By Renwick Congdon
RISMEDIA, Dec. 20, 2007-2007 has been another banner year for new methods to market real estate services and listings. With ActiveRain, YouTube, Facebook and others, agents have dozens of new “must use” advertising venues, each of which uses a different medium and delivers a message to an audience.
These publishing channels provide access to unique markets, and therefore, have value. But the medium and the channel are only as effective as the message being communicated. Have you seen the Comcast commercial where Roger has been tattooed with tiger stripes and believes that the outcome of his call to the Asian tattoo artist to have the tattoos removed will change because he has a new phone service? Sound familiar?
The new technology does not change the message. Roger’s expectation may look silly, but plenty of agents apply new technology to old messages and expect different results. And as with Roger (“Sorry Roger, you tiger now”), the results they get are usually less than they hoped for.
To make the most of any marketing effort, you need to begin with the message. To craft an effective message, you need to start with “who” and “what.” First, identify “who” your client is. If you say anyone buying or selling real estate, you need to refine your target group. Specializing makes it easier for clients to find you. People buying high-rise condos, lakefront properties, second homes, or high-tech clients, retirees, first-time home buyers-you get the picture.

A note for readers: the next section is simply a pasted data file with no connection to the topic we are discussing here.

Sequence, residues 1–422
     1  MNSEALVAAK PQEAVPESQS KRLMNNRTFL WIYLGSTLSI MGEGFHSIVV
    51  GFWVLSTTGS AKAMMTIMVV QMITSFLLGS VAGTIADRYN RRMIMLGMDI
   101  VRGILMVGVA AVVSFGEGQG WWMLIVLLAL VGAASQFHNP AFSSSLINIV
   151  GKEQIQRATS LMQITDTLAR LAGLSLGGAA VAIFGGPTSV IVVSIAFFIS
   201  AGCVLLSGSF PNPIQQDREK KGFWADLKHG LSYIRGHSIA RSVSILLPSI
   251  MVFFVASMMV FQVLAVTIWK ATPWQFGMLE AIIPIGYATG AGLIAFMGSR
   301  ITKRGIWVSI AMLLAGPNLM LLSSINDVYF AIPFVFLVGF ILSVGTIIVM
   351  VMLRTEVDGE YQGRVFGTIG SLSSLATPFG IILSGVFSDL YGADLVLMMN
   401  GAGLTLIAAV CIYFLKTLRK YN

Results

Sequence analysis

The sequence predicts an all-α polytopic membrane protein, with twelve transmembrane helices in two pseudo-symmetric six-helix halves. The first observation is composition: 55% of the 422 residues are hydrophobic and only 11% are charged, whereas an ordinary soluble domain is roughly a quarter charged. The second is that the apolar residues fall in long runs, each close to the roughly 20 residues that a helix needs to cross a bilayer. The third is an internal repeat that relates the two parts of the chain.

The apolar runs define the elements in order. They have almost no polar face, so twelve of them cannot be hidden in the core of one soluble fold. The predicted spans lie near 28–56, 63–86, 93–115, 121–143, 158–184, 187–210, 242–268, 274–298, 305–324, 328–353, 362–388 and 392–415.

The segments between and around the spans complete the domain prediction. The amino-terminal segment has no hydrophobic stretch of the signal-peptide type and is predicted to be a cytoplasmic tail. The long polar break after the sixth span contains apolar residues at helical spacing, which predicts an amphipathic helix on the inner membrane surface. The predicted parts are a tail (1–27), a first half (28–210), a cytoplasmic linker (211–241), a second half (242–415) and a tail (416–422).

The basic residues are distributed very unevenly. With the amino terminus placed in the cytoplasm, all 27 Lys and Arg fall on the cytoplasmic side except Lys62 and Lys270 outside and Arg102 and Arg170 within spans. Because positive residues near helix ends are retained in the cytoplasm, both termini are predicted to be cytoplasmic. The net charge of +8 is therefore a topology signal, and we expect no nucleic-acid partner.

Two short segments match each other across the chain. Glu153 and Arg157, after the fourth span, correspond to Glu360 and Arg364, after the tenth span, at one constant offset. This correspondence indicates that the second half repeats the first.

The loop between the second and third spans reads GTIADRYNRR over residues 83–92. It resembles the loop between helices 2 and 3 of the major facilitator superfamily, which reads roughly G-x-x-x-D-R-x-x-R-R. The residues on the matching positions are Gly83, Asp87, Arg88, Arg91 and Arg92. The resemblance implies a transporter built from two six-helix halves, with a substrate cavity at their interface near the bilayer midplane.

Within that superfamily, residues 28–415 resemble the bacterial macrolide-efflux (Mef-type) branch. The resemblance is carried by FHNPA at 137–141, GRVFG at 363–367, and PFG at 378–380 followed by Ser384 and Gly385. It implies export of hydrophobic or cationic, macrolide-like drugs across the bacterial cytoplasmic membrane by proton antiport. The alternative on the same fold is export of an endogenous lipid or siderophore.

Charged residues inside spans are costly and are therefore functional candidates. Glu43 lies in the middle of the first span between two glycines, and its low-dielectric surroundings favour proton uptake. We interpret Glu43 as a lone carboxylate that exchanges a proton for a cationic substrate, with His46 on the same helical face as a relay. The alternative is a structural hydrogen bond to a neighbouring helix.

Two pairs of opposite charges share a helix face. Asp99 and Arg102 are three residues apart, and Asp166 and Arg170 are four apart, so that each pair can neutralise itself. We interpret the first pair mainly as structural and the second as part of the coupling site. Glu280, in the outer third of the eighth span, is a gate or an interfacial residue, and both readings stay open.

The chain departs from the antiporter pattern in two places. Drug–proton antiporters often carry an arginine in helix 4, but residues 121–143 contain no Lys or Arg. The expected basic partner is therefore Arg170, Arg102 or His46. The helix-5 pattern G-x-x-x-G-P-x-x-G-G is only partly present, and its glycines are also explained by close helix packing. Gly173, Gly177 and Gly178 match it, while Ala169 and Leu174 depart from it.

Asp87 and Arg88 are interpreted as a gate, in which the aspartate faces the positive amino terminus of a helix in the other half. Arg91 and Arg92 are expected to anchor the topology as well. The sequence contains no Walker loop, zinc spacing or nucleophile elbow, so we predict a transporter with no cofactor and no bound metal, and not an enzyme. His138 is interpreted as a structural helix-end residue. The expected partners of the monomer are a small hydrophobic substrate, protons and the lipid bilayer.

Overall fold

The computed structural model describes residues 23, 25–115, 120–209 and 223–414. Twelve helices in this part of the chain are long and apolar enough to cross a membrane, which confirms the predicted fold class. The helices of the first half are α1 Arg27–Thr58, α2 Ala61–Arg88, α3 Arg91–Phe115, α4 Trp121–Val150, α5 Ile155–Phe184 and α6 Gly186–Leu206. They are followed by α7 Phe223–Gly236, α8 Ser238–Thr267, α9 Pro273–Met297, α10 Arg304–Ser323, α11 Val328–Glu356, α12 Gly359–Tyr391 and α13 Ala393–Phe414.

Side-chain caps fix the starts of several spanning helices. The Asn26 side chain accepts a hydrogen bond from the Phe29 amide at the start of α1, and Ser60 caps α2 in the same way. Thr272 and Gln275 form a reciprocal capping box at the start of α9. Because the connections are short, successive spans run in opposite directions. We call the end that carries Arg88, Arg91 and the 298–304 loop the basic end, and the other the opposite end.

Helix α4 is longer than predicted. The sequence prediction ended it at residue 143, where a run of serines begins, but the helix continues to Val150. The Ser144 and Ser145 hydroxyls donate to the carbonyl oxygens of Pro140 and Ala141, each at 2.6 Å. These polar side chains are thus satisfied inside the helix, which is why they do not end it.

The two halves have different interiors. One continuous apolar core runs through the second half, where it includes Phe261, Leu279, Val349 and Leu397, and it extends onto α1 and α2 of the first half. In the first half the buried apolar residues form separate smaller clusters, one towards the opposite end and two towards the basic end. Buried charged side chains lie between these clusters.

The second item you need for your message is to identify “what” your client is buying. Again, there is more to the question than you might think. The obvious answer is “a house.” However, they really need to buy “you” before they can buy the house. So, the “what” they are buying is your service.
Your message will be a subset of your overall business statement, a one-page document that concisely describes all the aspects of your business. This statement typically includes a title and subtitle. The title describes your unique value in a few words; the subtitle is a sentence that supports the title.
The next section is the target statement that says what will happen if a prospect chooses you. You can list secondary targets as well. Next comes the rationale, where you clearly communicate why the prospect should select you. Next, include the financial benefits of your service.
Finally, include a call to action that includes a very specific benefit to your audience for taking the action (learn more about the one-page document next month).
With the business statement in hand, you can craft marketing messages for specific audiences. No reason to try to sell hockey sticks to basketball players. If you know who buys your services, and what they are buying (not what you are selling) you can craft consistent, effective marketing messages using any technology. And unlike Roger, you will get the results you want.
Renwick Congdon is the president and CEO of Imprev.
For more information, visit www.imprev.com.